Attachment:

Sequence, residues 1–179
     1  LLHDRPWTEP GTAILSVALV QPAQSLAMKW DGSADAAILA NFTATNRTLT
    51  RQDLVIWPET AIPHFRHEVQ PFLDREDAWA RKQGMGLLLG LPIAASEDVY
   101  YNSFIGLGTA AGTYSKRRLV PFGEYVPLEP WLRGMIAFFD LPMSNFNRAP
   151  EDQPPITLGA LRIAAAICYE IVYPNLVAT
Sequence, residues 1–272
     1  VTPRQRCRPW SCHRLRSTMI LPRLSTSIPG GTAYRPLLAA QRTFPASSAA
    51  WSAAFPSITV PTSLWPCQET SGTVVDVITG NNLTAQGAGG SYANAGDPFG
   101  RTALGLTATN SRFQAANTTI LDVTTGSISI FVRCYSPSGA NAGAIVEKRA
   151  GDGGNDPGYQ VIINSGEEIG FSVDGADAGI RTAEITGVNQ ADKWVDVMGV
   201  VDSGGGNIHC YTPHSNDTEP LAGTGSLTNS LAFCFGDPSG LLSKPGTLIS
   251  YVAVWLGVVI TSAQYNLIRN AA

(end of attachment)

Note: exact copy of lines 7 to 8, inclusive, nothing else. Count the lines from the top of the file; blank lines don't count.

     1  VTPRQRCRPW SCHRLRSTMI LPRLSTSIPG GTAYRPLLAA QRTFPASSAA
    51  WSAAFPSITV PTSLWPCQET SGTVVDVITG NNLTAQGAGG SYANAGDPFG